The global recession of 2008 was one of the biggest economic shocks within the last few decades, and whilst global economic downturn is inevitable, it could be argued that we are approaching something alongside the scale of the 2007-2008 global financial crisis.
A recent article posted on the Independent published here discusses the future outlook of the global economy and compares the projected growth rates of the top economies of the world, and it certainly opens up the picture to a bigger scale.
The forecasts clearly indicate with no surprise at all, that China is still in a stage of rapid growth and its economy is set to expand by 6.5%, despite a fall from 6.8% in the previous year. On the contrary, European countries such as Germany and France face some growth around the 2-2.3% level, whilst the UK falls far behind at a rate of only 1.4%, given the uncertainties that the impact of Brexit will impose, this isn’t much of a surprise.
Economic growth may be good, but don’t be fooled.
A standard business cycle would indicate to you that another recession following a period of great prosperity is not an uncommon sight. In fact, it’s essentially unavoidable.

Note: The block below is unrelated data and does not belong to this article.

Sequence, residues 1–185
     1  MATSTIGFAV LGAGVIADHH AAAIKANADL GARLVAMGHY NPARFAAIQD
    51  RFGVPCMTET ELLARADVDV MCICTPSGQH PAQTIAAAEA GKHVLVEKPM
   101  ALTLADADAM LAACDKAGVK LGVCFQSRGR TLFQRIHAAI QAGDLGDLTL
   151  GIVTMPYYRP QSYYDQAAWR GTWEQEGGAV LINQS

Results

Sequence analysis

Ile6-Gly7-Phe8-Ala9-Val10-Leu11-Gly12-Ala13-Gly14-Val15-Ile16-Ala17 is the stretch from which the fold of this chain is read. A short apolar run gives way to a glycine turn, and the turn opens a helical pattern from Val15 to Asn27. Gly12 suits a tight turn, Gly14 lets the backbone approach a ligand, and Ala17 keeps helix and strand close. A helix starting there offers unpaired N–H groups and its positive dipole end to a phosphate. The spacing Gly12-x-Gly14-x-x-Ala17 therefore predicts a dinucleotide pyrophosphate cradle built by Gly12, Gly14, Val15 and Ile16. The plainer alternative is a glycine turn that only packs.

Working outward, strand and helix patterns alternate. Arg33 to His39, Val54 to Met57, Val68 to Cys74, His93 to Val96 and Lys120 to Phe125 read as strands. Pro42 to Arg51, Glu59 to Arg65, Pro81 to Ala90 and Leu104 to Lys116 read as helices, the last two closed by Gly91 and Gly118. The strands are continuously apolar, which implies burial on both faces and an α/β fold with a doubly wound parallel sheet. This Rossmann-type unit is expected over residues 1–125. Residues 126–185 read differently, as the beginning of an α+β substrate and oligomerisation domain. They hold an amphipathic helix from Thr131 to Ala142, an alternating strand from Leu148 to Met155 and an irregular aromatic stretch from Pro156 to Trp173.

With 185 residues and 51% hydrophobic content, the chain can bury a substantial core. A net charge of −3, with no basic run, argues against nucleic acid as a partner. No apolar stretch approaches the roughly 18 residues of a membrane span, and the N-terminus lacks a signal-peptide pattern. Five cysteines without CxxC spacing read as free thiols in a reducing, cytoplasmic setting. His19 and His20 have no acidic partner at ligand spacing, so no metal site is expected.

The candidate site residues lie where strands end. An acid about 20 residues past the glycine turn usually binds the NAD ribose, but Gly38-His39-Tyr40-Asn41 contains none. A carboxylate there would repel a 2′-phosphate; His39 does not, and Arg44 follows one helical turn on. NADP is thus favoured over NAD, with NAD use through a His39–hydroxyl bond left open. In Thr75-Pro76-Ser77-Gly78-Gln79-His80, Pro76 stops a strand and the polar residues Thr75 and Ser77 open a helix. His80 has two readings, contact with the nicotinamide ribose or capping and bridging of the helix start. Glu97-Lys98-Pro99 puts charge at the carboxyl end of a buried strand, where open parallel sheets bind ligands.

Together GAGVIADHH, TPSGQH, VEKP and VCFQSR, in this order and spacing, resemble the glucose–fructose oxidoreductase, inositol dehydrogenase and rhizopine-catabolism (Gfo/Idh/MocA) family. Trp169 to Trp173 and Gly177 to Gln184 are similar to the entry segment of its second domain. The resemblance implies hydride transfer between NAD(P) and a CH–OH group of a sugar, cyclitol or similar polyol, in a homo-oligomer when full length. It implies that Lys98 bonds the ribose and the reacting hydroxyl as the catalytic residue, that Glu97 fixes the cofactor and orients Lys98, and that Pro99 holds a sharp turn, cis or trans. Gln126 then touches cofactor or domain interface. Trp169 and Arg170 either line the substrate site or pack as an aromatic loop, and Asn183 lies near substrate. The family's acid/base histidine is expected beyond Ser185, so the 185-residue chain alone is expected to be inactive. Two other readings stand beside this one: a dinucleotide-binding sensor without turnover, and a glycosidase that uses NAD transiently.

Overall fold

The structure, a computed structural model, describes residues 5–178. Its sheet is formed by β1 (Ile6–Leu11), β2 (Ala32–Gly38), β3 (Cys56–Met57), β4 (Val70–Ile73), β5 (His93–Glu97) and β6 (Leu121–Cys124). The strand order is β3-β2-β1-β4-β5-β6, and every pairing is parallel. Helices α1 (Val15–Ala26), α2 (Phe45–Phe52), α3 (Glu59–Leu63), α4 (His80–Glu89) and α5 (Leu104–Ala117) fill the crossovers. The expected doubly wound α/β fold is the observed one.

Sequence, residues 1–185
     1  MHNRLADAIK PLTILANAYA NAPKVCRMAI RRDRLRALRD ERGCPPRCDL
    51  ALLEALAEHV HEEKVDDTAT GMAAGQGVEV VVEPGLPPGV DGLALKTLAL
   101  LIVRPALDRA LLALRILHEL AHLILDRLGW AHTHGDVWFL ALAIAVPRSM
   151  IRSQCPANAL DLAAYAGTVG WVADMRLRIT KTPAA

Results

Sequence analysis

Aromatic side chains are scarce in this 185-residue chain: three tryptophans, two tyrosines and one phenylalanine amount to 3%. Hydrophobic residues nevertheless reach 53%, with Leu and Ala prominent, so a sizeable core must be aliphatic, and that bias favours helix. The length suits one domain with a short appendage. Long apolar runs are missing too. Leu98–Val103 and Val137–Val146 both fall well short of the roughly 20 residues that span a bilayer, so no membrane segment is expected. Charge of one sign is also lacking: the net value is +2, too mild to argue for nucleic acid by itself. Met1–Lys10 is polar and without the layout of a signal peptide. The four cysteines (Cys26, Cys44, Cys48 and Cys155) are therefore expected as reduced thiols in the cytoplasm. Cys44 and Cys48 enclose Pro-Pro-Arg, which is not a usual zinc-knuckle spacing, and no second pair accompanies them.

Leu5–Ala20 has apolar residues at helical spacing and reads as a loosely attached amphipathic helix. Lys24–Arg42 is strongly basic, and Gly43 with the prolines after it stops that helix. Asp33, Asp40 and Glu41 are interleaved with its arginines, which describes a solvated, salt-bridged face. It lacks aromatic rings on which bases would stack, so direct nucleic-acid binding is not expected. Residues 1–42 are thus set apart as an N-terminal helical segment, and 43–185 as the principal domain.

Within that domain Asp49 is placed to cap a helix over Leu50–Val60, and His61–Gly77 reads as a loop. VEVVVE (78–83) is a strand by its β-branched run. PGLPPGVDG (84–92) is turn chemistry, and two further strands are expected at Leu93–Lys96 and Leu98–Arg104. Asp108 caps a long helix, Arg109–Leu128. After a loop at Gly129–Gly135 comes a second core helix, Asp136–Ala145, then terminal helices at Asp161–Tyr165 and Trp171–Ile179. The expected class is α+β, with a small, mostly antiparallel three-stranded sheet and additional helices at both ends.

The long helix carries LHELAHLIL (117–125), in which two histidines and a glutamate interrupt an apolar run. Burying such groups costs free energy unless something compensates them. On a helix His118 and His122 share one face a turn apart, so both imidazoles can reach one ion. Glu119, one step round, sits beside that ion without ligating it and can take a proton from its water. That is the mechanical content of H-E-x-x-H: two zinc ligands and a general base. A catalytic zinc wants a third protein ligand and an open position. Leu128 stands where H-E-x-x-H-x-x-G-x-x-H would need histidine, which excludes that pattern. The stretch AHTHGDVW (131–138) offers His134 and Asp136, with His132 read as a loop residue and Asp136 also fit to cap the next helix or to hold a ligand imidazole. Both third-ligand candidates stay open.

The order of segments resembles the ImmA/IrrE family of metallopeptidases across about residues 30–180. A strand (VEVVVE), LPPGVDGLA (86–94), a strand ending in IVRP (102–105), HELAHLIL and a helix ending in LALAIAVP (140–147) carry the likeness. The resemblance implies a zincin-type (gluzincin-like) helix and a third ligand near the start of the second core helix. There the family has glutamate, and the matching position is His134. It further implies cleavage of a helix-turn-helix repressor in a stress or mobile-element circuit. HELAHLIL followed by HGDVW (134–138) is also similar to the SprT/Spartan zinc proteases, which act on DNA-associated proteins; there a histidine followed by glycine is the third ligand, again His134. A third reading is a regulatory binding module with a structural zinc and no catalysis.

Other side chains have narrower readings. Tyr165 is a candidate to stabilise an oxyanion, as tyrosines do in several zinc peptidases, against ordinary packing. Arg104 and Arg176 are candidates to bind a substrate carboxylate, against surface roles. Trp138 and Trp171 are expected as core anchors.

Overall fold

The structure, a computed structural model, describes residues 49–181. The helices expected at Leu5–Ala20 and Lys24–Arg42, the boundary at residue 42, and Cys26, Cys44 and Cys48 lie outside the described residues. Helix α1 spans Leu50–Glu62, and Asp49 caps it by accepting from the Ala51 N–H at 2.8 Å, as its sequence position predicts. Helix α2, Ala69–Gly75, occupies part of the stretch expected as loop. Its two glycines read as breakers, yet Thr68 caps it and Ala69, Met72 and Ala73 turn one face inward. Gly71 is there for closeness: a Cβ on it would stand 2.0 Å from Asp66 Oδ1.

There are many questions the global economy is facing heading into 2018. Such as will Brexit benefit or damage the UK economy? Or will the outcomes crumble the whole European Union as we know it? This, combined with the continuous surge in economic growth in China, and increasing tensions between the US and North Korea, really leaves us in a point where no one can tell you what the future of the global economy holds.
We know another global recession will happen in the future.
It just depends on the scale. All the factors discussed above can single handily put the whole global economy into a spin. The reality is that we must get used to this type of political and economic change and find ways of minimising the overall impact so that we reduce the overall impact on regular people, such as by improving job security, subsiding certain sectors and providing small businesses with the finances to deal with economic downfall.
Let’s hope the mistakes from the past can be learned from and used to contain the next global recession. This time, the impact could be so detrimental that it could potentially break an entire union that has been around for over 24 years, and has provided great stability to the world.